California lists out port carriers with unpaid wage claims, misclassification judgments

As part of a law enacted in September in the state, California has posted a list of drayage carriers that the state claims have committed labor law violations against their drivers. Such violations, according to the state’s Department of Industrial Relations, include wage theft and misclassifying company drivers as independent contractors.

California will populate the list with carriers who have been ordered by courts to award wage-related settlements to drivers but who have not satisfied the order. Also included will be companies who have an outstanding “tax assessment or tax lien,” according to the law’s text.

The list is available at this link, and the state has said it will update the list monthly by either removing companies who have settled the wage law violations ordered in court and by adding new companies who’ve had action taken against them.

Part of the intention of the law, which was signed by former California Gov. Jerry Brown (D) in September, is also to hold shippers accountable for the companies they contract with to haul their freight. Should a shipper hire a company from California’s new list, they could be held partially liable for any wage claims brought against the carrier.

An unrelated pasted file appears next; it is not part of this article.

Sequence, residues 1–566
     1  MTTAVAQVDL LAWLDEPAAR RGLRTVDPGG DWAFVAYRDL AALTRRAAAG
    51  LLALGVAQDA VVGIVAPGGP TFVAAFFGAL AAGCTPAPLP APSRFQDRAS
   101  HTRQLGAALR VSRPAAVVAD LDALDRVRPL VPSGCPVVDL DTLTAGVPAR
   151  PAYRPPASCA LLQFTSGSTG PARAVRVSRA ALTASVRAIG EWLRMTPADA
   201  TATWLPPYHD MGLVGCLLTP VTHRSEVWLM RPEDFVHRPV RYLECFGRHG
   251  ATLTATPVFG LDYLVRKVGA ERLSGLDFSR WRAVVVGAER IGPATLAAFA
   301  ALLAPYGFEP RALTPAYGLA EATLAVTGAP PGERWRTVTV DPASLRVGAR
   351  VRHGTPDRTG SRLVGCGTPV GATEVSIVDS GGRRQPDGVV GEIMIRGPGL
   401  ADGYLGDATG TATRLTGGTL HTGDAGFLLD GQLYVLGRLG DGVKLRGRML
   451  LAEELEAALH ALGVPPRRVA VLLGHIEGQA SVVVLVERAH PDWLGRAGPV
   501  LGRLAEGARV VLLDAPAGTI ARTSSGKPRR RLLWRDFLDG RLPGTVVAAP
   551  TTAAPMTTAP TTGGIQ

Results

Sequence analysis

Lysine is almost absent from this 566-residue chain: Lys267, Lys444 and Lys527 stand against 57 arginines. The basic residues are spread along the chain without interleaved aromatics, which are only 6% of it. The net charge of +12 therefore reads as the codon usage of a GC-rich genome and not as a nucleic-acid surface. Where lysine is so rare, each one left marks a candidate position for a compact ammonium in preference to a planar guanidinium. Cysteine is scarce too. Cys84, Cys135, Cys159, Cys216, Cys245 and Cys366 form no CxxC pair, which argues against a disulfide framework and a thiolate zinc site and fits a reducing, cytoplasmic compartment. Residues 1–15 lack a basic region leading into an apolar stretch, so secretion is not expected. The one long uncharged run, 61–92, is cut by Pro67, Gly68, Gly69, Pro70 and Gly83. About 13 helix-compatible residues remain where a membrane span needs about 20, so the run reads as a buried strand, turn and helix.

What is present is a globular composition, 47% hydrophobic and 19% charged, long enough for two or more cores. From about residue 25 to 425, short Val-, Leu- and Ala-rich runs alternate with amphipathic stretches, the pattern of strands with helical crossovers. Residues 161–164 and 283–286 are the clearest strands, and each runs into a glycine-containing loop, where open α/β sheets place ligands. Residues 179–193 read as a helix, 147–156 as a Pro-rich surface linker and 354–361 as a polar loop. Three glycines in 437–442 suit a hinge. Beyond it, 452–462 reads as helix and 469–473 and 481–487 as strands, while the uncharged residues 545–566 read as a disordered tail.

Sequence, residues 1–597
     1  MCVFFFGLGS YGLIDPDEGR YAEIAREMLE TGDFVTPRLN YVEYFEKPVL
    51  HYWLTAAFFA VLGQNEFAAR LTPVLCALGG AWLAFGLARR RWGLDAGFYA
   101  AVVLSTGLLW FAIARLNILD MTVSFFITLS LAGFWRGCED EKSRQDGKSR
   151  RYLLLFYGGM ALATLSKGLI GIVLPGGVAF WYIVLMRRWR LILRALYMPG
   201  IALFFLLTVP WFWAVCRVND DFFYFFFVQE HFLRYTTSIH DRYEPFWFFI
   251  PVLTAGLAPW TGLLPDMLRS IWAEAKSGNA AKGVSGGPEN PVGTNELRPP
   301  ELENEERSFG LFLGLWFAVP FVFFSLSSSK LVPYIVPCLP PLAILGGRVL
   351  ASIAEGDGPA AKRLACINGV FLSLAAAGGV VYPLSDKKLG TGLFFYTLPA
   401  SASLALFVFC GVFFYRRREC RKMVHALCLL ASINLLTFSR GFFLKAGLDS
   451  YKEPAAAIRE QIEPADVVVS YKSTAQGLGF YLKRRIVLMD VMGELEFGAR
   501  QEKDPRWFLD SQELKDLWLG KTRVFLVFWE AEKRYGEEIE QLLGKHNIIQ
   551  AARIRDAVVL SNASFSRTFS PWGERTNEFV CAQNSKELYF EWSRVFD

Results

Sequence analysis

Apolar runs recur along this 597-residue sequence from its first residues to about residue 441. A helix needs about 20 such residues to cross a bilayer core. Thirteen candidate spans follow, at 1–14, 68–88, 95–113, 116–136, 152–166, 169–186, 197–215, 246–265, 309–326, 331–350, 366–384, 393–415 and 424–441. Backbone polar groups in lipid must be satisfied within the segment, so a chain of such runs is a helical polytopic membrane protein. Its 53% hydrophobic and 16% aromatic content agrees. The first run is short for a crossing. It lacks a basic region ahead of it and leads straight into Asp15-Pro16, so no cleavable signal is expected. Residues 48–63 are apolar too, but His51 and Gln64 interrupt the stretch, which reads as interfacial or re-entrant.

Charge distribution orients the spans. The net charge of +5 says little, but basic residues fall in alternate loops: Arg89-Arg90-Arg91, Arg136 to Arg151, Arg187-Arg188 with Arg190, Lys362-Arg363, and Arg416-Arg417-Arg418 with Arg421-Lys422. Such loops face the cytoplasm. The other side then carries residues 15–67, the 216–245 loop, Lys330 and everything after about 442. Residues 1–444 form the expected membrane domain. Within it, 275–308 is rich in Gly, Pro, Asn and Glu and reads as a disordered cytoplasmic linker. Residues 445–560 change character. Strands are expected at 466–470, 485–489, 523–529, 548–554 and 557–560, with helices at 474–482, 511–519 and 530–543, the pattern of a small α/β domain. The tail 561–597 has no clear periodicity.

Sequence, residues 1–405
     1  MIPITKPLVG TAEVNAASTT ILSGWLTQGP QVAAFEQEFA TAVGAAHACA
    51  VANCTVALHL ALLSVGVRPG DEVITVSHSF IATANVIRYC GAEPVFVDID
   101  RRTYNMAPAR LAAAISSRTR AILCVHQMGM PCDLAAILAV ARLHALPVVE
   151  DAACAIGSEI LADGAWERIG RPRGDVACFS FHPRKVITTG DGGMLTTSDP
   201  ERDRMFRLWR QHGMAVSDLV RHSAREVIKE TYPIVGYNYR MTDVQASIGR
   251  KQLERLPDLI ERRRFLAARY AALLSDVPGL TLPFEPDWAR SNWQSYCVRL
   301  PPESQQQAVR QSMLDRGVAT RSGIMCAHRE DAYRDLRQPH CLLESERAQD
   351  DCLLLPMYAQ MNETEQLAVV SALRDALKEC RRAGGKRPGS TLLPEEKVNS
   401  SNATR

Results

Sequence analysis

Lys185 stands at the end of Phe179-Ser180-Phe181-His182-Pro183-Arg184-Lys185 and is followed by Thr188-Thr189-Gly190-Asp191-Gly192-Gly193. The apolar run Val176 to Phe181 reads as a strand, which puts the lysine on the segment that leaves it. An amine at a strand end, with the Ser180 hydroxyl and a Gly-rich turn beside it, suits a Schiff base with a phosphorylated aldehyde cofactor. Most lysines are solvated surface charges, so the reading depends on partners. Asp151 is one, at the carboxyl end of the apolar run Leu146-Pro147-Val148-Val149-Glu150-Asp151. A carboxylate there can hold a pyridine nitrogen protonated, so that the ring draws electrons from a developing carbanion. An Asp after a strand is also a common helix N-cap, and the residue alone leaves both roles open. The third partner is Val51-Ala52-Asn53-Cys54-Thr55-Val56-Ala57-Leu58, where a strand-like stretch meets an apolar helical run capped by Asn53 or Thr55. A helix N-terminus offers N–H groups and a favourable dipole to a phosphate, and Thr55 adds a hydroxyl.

However, joint liability would not apply to shippers who utilize dray carriers whose employees are, according to the law’s text, under a “bona fide collective bargaining agreement” with the Teamsters or other union that spells out wage and hour details; who have existing contracts with carriers prior to their inclusion on the public list and wish to terminate the agreement; or who utilize carriers who have satisfied conditions for removal from the list.

California says it will contact the companies slated to appear on the list at least 15 days prior to its publication to allow them to settle any pending wage orders.

Included in the list are the carriers’ names, addresses and the judgment amount against them.

The state says the law stems from what it says are prevalent practices that exploit port truck drivers. “California’s port drayage drivers are the last American sharecroppers, held in debt servitude and working dangerously long hours for little pay,” the law reads. It cites practices like sublease programs with drivers, whereby the carrier deducts the cost of truck payments and insurance from their paychecks, yet the drivers often times end up not owning the vehicle and, occasionally, end up owing the carrier money, meaning the drivers are “essentially working for free,” the law states, quoting a USA Today article.